Having a workforce composed of employees ranging in age from 18 to 77 is no longer unusual. With people living longer and working longer, a four-generation workplace is swiftly becoming the norm. A glance around your office (or during the weekly Zoom or Teams catch-up) probably reveals a diverse blend of ages, from seasoned veterans to eager interns or fresh graduates. A study by Robert Half reports that 36% of baby boomer workers (those 59 to 77 years old) and 23% of Gen Xers (43 to 58) now intend to postpone their retirement plans. With members of Generation Alpha still below working age, Gen Z (18 to 26) is the youngest corps, and they are predicted to constitute 30% of the workforce by 2030. These digital natives will be working shoulder-to-shoulder with millennials (27 to 42), Gen Xers and baby boomers. In light of this diverse age spread, intergenerational collaboration within companies has become essential.
The same Robert Half research confirms that workers from diverse generations have a number of similar perspectives as well as preferences and outlooks that differ. For example: Despite the potential impact of automation and AI on their jobs, 73% of baby boomers say they’re not at all concerned. In contrast, only 22% of Gen Z professionals say they’re unconcerned about its impact on their jobs. And by a wide margin, millennials, Gen Xers and baby boomers say a competitive salary with regular merit increases has the biggest influence on their job satisfaction, whereas Gen Zers say flexibility in when and where they work and a positive company culture do more to motivate them. Businesses that promote intergenerational collaboration find an advantage in the similarities and differences among these age groups within the workplace. Let’s explore how this works. Better problem-solving. Having a mix of viewpoints is good for problem-solving. When each team member chips in with their unique experiences and ideas, the range of possible solutions naturally expands. Plus, as we get to know our colleagues better, we’re more willing to team up and solve work challenges, pushing aside age-based labels that don’t help anyone.More effective communication. Members of one generation may in general favor talking in person or on the phone, while others prefer sending a text message or responding through a chat feature. Understanding why colleagues have these preferences and finding common ground is a step toward better collaboration. For example, once they’re aware of differences, colleagues may start limiting emails to matters that require speed and efficiency but decide to meet face-to-face — either in person or via video — when they sense the situation could benefit from direct connection and the relationship-building it brings.A dynamic exchange of skills and ideas. Managers who nurture intergenerational collaboration make it more likely that workers will appreciate each other’s skills and perspectives. For instance, when a tech-savvy Gen Zer teams up with a seasoned boomer known for strategic insight, they each bring their unique strengths to the table. Both parties come away from the experience wiser and more empathetic, promoting a work environment where respect and productivity go hand in hand.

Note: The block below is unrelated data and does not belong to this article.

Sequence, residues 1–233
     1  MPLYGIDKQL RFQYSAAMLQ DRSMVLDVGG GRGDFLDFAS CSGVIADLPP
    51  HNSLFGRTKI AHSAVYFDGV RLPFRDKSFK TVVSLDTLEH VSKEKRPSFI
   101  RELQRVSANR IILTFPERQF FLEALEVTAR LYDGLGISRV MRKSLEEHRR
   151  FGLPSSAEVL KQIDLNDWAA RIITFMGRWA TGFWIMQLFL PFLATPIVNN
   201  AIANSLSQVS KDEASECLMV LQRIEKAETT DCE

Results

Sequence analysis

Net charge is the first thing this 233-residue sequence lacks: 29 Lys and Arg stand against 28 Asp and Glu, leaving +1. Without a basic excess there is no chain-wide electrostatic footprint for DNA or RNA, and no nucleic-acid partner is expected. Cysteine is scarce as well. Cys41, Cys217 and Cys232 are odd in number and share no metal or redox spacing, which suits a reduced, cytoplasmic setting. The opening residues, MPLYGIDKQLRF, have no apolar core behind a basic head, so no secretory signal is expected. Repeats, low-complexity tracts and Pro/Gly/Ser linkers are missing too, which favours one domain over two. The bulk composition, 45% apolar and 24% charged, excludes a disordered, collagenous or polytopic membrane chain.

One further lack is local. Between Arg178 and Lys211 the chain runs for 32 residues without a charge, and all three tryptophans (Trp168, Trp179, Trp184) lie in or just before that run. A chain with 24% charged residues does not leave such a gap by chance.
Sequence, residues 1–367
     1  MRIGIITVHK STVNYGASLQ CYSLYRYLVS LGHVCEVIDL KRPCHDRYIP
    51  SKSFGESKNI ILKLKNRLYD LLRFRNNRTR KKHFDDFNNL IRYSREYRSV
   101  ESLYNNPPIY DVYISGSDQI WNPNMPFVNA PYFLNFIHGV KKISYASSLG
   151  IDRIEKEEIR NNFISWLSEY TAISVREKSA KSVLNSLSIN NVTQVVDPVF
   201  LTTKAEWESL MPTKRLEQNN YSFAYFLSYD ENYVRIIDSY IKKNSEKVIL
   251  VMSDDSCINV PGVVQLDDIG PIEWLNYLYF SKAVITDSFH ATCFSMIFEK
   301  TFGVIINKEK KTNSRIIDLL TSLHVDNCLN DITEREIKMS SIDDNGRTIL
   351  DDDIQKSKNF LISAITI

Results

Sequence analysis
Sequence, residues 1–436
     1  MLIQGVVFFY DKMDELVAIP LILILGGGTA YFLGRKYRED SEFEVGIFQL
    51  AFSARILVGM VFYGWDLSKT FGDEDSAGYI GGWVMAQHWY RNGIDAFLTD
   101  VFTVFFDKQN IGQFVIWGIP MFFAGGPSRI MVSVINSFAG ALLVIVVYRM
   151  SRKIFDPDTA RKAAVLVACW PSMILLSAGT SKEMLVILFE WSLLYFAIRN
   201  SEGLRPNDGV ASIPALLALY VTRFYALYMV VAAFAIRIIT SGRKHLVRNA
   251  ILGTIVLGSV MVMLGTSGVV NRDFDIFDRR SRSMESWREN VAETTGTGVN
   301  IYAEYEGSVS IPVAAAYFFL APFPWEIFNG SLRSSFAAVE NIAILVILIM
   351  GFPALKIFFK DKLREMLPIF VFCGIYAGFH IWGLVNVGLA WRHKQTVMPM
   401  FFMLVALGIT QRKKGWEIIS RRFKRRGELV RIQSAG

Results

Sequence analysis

So how do you as a company leader foster intergenerational collaboration in your organization? Primarily, motivating employees to work together to solve challenges the team faces involves encouraging them to get to know colleagues on a personal level. Here are some ideas. 1. Run reverse mentoring programs Reverse mentoring flips the traditional mentorship model, with a less-experienced (often younger) colleague passing on knowledge and insights to a senior coworker. To launch this kind of program, establish clear metrics to track its impact on the company and the individuals involved. For example, you could measure its success by assessing progress with new skills or approaches learned through the program. 2. Reinforce common ground The Robert Half study found that all age groups value work-life balance and well-being, which is aided when managers allow remote and hybrid work arrangements. So it’s not only the younger crowd who enjoys the flexibility of firing up their laptops from their cozy homes. This shared preference provides an opportunity to design work schedules that are more flexible and cater to everyone’s needs. 3. Create opportunities for employees to connect In another survey by Robert Half, many professionals said they are now more motivated to do their jobs. And 40% of them, irrespective of age, attribute their heightened motivation to positive relationships with their colleagues. Consider setting up social events, either in-person or virtually, separate from work-related gatherings to give coworkers an opportunity to deepen their connections. Paying travel expenses for those who are primarily remote to visit the office now and then can boost team spirit and make everyone feel like they’re part of the big picture. When you have a multigenerational workplace, getting to know your people and their needs better will allow you to help them get to know each other better, thereby boosting collaboration. By building bridges between generations, your organization doesn’t just become more upbeat and productive — it becomes a place where people grow together, both as individuals and as a team.